The stone circle is colossal, nearly a mile in circumference, a tribute to the baffling people of the Stone Age who dug this henge monument out of the chalk using antlers as picks. It partly encompasses a Wiltshire village and attracts visitors from all over the globe. The antiquarian John Aubrey described it as 'exceeding Stonehenge as a cathedral exceeds a parish church'. Indeed, that more famous monument on the other side of Salisbury Plain seems a scrappy, soulless place compared to this. Eight times a year it bustles, pagans, druids and wiccans gathering on their feast days: the Solstices, the Equinoxes, the rites of Beltane, Lughnasa, Samhain and Imbolc.
Her skin is pale, her hair and attire dark. She leans into a niche in the upright sarsen stone known as the Druid's Chair, and smiles at me. 'I like this one. I like its power.'
'They all have power,' I point out.
She leaps from the niche and grabs my hands. 'Let's walk. Around the circle.'
'A full circuit,' I agree, and we clamber across the mighty circular ditch that protects the stones, up to the great earthen bank, and commence our slow perambulation.
'Your name isn't really Rhiannon, is it,' I tell her mischieviously, 'She was a character in the Mabinogion.'
'It's my name today,' she ripostes, 'and your name isn't really Vulpine.'
'It is when it needs to be.'
'Stay with me tonight and tell me about it.'
That was unexpected. I blink and gaze into her eyes. No, she's not kidding. 'Rhiannon, you hardly know me. We're using aliases!'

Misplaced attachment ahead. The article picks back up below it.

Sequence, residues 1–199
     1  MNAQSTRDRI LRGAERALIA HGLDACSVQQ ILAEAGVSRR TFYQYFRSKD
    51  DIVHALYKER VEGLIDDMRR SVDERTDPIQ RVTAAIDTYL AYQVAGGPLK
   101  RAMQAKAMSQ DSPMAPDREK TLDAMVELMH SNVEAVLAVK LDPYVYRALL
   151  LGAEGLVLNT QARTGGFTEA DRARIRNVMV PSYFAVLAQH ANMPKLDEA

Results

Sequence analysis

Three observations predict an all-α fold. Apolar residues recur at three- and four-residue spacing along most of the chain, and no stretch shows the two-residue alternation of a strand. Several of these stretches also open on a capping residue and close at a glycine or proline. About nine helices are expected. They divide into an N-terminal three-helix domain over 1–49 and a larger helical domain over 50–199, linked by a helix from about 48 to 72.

'But I want to know you. You know so much about this place. I want you to teach me. Tell me about William Stukeley. Tell me about Sulis. Tell me about symbolism, what this feast day actually means. Show me how the Old People actually celebrated it.'
Appealing to my ego rarely fails, especially when my conversational partner is so appealing in the first place. 'Your tent is big enough?'
'Just about,' she laughs, 'we'll just have to huddle.'
My turn to laugh. 'And tomorrow?'
'You go home, I go home. We'll probably never meet again. We'll have a nice memory, a reason to remember this date.'
I look up at the cloudless sky. 'It'll be cold tonight.'
'No it won't.'
I stroll along the Avenue, that double row of standing stones that undulate across the landscape, the processional way that leads to the great Stone Circle. To my rear stroll my younger daughter and her boyfriend, a new generation to be entranced by the mystical aura of this pagan landscape. The stones vary in shape from phallic to lozenge, reflecting the male/female dichotomy, the symbolic meaning behind the Avenue's construction.
Once again she is leaning into a Stone, erect and still against it like a sacrificial victim, her smile reflecting recognition and enigma. I smile back, glance at my youthful and unwary companions, and briefly lower my head in a passing salute. Rhiannon nods back, her smile broadening as the teenagers pass, her body remaining static against the huge stone as we amble into the twilight. Our mutual flash of recognition frozen in a moment, a temporal jolt on a different Feast Day, the air damp and refreshing. Her lips silently form the word 'Vulpine.' Then we are apart, back in our own worlds, two of many, and the stones stand in all of them.